building is totally free of columns in the ground floor. All these factors make the whole
structure much lighter and this leads further more to material reduction. Another
extraordinary characteristic is the seismicity proof of the structure even though Berlin is not a
seismic zone. The hanged building is not “rigid” and consequentlly not fragile. The light
slabs float on air without striking dinamic forces on joints as in any supposed beam-column
system building. xiii

Arches are all different in dimensions from each other but their dimensions change in
a parametric design method creating a NURB curved surface except of the north elevation
that has to be flat, according to a 19th-century building code regulation. The structure of the
building is perceivable and readable in its integrity and in structural elements like for
example the rib joints. Is difficult to imagine why this kind of making structure, with such
numerous benefices is just an exemplar and not a usual way of building. At least, except of its
wondeful Grimshaw architecture it has a contribution on the Aesthetic Structural Design.

Figure 49. Ludwig Erhard Haus Berlin, Germany, Grimshaw

48
The Aesthetics of Structure

The structural envelopment of the twenty-three storey skyscraper O-14 xiv in Dubai
makes this building an excellent example for this study. This distinctive work of New York
architects Reiser + Umemoto, (Figure 50) reveals a white exoskeleton structure that is indeed
multifunctional.

It is used as a load bearing structure, surrounding the slabs by a distance of one meter
and is connected by concrete beams. This way the typical plan of 600m2 except of the core of
stairs and lifts is free of columns.

It is used as an anti-seismic diaphragm and being perimetric (circumferential), it


performs this duty perfectly.

It is used as a protection against wind and horizontal forces caused by wind.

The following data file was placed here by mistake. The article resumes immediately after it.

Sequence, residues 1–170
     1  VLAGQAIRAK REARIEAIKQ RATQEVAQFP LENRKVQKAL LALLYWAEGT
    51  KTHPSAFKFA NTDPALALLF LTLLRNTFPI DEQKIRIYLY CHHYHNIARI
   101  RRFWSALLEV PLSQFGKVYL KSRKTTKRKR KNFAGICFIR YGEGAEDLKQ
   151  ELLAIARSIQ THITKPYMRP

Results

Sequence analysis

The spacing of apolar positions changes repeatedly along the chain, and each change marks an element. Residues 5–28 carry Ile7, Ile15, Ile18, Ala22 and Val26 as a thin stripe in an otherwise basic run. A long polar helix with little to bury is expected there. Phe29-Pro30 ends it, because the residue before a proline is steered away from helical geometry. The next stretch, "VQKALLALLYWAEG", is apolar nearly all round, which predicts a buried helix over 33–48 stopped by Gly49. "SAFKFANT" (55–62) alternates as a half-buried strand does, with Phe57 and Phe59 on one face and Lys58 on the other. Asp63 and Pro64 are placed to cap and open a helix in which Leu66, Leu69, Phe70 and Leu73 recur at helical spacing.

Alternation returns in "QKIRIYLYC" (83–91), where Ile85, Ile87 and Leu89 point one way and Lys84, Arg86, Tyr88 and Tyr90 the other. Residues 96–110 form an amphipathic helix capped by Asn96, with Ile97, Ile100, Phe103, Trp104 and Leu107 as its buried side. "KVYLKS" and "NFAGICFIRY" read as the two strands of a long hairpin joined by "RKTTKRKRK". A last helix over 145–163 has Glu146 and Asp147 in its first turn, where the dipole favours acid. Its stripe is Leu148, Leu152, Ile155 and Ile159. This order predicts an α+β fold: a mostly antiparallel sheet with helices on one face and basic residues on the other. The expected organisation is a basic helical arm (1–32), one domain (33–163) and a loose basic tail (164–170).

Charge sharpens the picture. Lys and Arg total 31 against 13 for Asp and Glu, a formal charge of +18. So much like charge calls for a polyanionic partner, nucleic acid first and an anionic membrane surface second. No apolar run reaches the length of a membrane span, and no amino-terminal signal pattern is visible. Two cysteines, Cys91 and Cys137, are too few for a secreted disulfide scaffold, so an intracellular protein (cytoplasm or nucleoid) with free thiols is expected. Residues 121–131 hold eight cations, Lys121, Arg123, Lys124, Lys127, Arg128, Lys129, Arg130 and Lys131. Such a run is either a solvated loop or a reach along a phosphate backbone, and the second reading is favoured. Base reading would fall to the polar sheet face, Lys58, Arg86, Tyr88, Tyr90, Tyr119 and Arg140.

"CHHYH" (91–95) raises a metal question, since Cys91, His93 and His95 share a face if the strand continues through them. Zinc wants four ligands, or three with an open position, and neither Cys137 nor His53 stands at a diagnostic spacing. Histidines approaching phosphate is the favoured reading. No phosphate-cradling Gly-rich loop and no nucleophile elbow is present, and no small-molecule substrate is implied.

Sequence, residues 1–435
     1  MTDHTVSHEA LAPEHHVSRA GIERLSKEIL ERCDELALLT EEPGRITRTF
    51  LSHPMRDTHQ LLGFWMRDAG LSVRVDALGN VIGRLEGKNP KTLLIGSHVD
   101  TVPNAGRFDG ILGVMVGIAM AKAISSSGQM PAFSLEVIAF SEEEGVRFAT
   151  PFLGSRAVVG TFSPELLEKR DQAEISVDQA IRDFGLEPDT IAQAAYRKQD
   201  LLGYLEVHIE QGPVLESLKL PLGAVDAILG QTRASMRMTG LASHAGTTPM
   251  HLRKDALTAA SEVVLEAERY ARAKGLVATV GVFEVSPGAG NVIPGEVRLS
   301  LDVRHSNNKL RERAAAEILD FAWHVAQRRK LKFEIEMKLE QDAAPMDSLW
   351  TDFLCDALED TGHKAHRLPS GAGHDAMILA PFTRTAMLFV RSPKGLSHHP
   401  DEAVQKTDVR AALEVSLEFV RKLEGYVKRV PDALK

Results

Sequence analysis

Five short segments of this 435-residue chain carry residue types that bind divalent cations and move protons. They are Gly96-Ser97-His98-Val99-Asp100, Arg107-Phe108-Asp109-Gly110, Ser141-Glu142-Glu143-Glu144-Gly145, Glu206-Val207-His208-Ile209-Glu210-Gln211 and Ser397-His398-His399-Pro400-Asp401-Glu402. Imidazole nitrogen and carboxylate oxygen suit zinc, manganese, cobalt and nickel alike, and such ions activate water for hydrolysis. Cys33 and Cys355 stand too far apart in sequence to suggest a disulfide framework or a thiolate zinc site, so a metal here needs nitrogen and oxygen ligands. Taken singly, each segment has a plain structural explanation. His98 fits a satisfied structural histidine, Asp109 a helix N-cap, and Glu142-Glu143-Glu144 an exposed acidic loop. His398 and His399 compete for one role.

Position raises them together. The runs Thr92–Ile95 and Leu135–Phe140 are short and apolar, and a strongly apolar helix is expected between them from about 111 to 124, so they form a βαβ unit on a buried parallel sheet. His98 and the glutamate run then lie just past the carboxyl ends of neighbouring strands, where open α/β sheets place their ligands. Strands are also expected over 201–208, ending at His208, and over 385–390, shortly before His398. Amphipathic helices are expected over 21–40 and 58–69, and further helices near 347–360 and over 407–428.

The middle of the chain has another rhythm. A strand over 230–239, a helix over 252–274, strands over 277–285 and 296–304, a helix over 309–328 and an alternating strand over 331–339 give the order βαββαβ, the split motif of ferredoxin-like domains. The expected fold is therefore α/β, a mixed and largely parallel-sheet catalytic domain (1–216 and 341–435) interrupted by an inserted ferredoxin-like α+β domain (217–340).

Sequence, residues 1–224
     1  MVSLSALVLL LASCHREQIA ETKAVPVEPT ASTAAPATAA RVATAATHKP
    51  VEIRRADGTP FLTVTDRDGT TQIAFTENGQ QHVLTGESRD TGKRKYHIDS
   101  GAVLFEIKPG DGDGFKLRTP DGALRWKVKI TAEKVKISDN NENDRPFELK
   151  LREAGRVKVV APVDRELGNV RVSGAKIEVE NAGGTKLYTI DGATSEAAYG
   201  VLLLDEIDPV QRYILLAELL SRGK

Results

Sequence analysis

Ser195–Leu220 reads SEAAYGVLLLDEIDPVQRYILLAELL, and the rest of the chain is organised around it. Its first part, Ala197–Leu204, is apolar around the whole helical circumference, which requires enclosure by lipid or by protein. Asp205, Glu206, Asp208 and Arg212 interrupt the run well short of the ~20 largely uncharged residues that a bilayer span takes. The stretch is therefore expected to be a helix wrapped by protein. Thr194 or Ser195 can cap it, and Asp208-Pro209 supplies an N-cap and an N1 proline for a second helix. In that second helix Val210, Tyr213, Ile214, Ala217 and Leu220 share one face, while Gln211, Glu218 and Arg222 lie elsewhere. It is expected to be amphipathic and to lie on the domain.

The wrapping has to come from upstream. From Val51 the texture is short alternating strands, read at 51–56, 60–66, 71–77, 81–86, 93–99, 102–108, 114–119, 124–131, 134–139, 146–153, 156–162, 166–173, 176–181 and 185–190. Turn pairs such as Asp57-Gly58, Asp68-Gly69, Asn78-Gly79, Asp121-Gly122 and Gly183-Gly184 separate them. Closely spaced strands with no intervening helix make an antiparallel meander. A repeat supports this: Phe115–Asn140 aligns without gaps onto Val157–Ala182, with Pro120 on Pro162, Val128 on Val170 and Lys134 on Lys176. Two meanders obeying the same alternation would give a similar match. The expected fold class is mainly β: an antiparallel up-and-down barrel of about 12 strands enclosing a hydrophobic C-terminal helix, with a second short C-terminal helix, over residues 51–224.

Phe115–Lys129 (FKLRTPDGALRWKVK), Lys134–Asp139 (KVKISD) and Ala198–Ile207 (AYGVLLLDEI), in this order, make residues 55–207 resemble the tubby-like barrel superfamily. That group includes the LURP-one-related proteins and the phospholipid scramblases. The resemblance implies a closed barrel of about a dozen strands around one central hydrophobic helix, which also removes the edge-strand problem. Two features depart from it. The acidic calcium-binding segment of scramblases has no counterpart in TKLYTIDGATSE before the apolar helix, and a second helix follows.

It is used as solar filter protecting a glass façade and reducing considerably the
cooling expenses.

It is used as air conditioner creating an air stream that moves vertically between the
white exoskeleton and the rest of the building. The movement of air cools the glass surface
behind the holey concrete.

But the most formidable property is the aesthetic of its structure. The white concrete
surface has a parametric rule of hole-pattern and this makes it more organic and in a certain
way gives life to the building. This impression of a “touchable” structure manipulated
artistically crystallises an exceptional case of structural aesthetic. This aesthetic do not
resides on the external pattern of the concrete envelope but in the essential and genetic role of
the structure.

Figure 50. O-14-Reiser +


Umemoto

49
The Aesthetics of Structure

17 Conclusions

In this thesis the “aesthetic” is considered as something to be searched in structure but


considering structure as a whole. The research doesn’t deal with aesthetic as a philosophical
problem. At some point it considers the evolutionary aesthetics to justify the reason why
some aesthetics must be scrabbled to the structure and why the structure must evidence itself
aesthetically: Furthermore it claims to reveal what is the aesthetic part of the building that
belongs to the structure and what is the role of this part to the general public’s attitude.
Looking for structural aesthetics means to reevaluate also the design process and the
architectural model generation. This research is limited to raise but not to answer questions
like: What new aesthetic strategy must be followed in the design process and what kind of
recommendations regarding the aesthetics of structure may be given to a design team for a
better result.

In the case study are analysed 28 buildings that are selected by the way the aesthetic
of their structure influences the aesthetic of the building. These 28 objects are divided in
groups by the main aesthetic behaviour of their structure and for each of them are expressed
few considerations that relate them to the final conclusions. Conclusions are divided in two
groups: general and referential.

Attached to the conclusions is compiled a table that rates the objects according to the
considerations expressed and the referential conclusions.